Valentine’s Day appeal the most to two groups of people: the kinds of people who cry during Hallmark commercials and the ones that have sex every day (sometimes twice).
Since last year’s V-day tribute was dedicated to those looking for love and missing out, here’s hoping that the past 365 days of searching have paid off. Presenting:
Top 5 Books to Read to Your (Sentimental) Lover
Kissing Tennessee, by Kathi Appelt
It may have been written with kids in mind, but KT is perfect for anyone who can remember back to their puppy love days. In her collection of short stories centered around Dogwood Junior High’s Stardust Dance, Appelt includes a little bit of romance for everyone: tragic love, star-crossed love, gay love, unrequited love, meant-to-be love, I-love-only-my-shoes love.
Type of love: The young kind.
Cyrano de Bergerac, by Edmond Rostand
Noble and brave but emotionally crippled by his enormous shnoz, Cyrano gave up on his love for Roxane by helping bro-rival Christian woo her with his words. It’s not until Christian is dead and Cyrano lies dying that Roxane discovers the truth. Lesson learned: over-sized appendages are not automatic deal breakers. And on this very romantic holiday, speak up for once.
Type of love: Why didn’t you tell me earlier?!
The Summer Guest, by Justin Cronin
TSG is a sweet tale that slowly reveals just how complicated love can be, whether its love for a person, love for two people, or love for a place. Figure-eighting between present, WWII, distant memories, and the Vietnam War, Cronin unravels just how far people are willing to go for the people they care about most. Also, it’s set in a rustic Maine fishing camp, which sounds terrible unromantic until you go to one yourself and check it out. I highly recommend it.
Type of love: It’s complicated.
The Scarlet Pimpernel, by Baroness Orczy
France’s Reign of Terror sounds pretty much like the worst thing ever, but the story is surprisingly moving in the romance department. Marguerite St. Just is manipulative and bored with her foppish, dandy husband Sir Percy. As the French Revolution swirls around them, a secret society of English aristocrats is rescuing French pals from the guillotine. I’m going to let you guess who the leader of the League of the Scarlet Pimpernel is.
Type of love: I didn’t realize I loved you until I discovered your alter ego.
1. GWTW was nearly named Tote the Weary Load, which automatically decreases the romance value by 16%.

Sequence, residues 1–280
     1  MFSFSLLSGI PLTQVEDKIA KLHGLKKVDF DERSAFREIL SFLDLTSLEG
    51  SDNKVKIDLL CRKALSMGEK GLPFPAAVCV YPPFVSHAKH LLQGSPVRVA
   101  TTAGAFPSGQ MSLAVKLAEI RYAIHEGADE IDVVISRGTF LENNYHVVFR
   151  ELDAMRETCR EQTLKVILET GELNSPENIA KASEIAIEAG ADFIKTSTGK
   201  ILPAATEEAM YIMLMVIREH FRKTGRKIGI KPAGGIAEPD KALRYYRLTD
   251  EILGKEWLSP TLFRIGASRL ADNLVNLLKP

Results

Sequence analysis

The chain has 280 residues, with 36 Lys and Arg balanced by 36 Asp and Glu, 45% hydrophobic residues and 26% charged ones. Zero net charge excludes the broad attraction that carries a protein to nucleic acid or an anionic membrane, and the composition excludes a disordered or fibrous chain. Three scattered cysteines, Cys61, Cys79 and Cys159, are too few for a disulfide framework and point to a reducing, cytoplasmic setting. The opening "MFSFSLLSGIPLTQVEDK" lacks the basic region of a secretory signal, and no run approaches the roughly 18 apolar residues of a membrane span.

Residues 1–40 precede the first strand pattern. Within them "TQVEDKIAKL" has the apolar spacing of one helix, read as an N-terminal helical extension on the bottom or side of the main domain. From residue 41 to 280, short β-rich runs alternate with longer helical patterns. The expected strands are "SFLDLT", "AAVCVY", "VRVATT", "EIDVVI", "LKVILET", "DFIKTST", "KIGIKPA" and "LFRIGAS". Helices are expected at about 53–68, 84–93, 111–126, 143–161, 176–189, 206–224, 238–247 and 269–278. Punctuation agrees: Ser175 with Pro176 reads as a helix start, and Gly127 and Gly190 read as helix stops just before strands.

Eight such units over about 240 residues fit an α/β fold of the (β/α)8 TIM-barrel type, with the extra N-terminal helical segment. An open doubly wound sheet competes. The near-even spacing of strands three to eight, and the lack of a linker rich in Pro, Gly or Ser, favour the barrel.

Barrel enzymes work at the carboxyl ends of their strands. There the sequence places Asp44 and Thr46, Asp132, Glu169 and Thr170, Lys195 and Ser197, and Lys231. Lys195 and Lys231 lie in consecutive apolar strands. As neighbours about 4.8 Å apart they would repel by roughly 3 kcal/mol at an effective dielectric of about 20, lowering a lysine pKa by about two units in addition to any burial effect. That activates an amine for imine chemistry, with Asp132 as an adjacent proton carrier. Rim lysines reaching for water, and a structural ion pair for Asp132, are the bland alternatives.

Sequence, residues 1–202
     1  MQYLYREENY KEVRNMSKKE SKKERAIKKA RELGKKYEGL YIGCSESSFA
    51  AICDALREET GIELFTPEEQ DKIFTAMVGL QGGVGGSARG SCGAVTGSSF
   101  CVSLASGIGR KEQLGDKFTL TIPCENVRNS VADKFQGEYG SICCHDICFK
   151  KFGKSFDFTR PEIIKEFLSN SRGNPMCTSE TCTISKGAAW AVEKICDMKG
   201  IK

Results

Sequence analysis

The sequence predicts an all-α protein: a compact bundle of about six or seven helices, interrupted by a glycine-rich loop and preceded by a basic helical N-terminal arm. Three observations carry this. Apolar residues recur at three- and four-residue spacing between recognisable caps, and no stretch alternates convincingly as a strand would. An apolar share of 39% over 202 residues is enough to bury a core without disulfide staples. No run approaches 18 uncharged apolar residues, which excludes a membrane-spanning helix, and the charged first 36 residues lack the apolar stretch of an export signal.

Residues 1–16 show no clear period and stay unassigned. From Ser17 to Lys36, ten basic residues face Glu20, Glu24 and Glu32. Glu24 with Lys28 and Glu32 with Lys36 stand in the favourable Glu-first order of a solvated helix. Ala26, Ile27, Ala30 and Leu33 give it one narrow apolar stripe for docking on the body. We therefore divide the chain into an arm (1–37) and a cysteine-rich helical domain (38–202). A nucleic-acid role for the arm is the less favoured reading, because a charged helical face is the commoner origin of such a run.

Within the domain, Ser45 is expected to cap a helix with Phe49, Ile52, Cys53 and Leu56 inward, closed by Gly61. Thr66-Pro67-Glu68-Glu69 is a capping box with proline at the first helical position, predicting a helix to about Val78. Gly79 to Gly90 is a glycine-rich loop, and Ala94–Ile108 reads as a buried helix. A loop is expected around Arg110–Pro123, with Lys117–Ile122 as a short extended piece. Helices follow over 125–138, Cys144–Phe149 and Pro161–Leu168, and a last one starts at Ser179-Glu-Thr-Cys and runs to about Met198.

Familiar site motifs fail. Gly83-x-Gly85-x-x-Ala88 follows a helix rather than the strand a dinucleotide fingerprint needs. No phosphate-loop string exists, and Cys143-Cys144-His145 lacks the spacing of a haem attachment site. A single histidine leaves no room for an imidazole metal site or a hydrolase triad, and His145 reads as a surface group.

2. Rhett Butler Quote-o-matic: “You need to be kissed, and often, an by someone who knows how.”
Be still my beating heart.
Type of love: Old-school South
Top 5 Sexy Stories to Read Your (Sensual) Lover
Bad Behavior, by Mary Gaitskill
It’s not your typical romance, and (depending on what you’re in to) not your typical sexy. Gaitskill has made a name for herself as a name-your-favorite-taboo author whose favorite subjects often circle prostitution and sado-masochism. Subjects not included in your V-Day plans? Don’t worry. There are quite a few racy passages that can appeal to even the tamest of raunchy readers.
Type of love: Whatever get’s ya goin’.
It’s the sort-of autobiography of Henry Miller’s life as a struggling writer. It’s up to you to guess which parts of the graphic sex scenes are true, and which were fabricated by the lonely author himself. Some things to keep in mind: TOC was originally tried for obscenity in the 1960s because of the sexy descriptions. Also, Henry Miller and Anais Nin were lovers around that time, and one of her greatest quotes to him was: “I want to do things so wild with you that I don’t know how to say them.”
Type of love: Physical
The Possibility of an Island, by Michel Houellebecq
TPOAI follows an outsider as he enters a cult of sexually promiscuous health fanatics known as Elohim. There are other parts, too: immortality by means of cloning, depressing and failed love affairs, emotionally devoid “neohumans.” It’s not an uplifting read for ol’ V-day; I recommend flipping through to the heady gonzo sex scenes and saving the rest for tomorrow.
Type of love: Unflattering.
Laughable Loves, by Milan Kundera
The unfortunate thing about literary lovin’ (as opposed to smutty lovin’) is that the lovin’ usually doesn’t end on a happy note. Case in point with LL, which is a great collection of short stories from the author of The Unbearable Lightness of Being and centers on the (sometimes brutal) humor of relationships. Feeling extra saucy today? Checkout “The Hitchhiking Game” which details one couple’s role-playing gone a bit awry.
Type of love: Cynical realism.
Montana Sky, by Nora Roberts
I can’t resist. I’m sorry. Montana Sky was the first romance novel I ever read, and it erupted into a short-lived passion for passionate prose, fervently passed around between my friends between classes. Every once in a while, on especially lonely Valentine’s Days, I will bask in the murder mystery, trio of trysts, and Big Sky country that make up MS. I never regret it. You won’t either.
Type of love: Guilty pleasure.
Any raunchy reads I’m missing? Let me know below.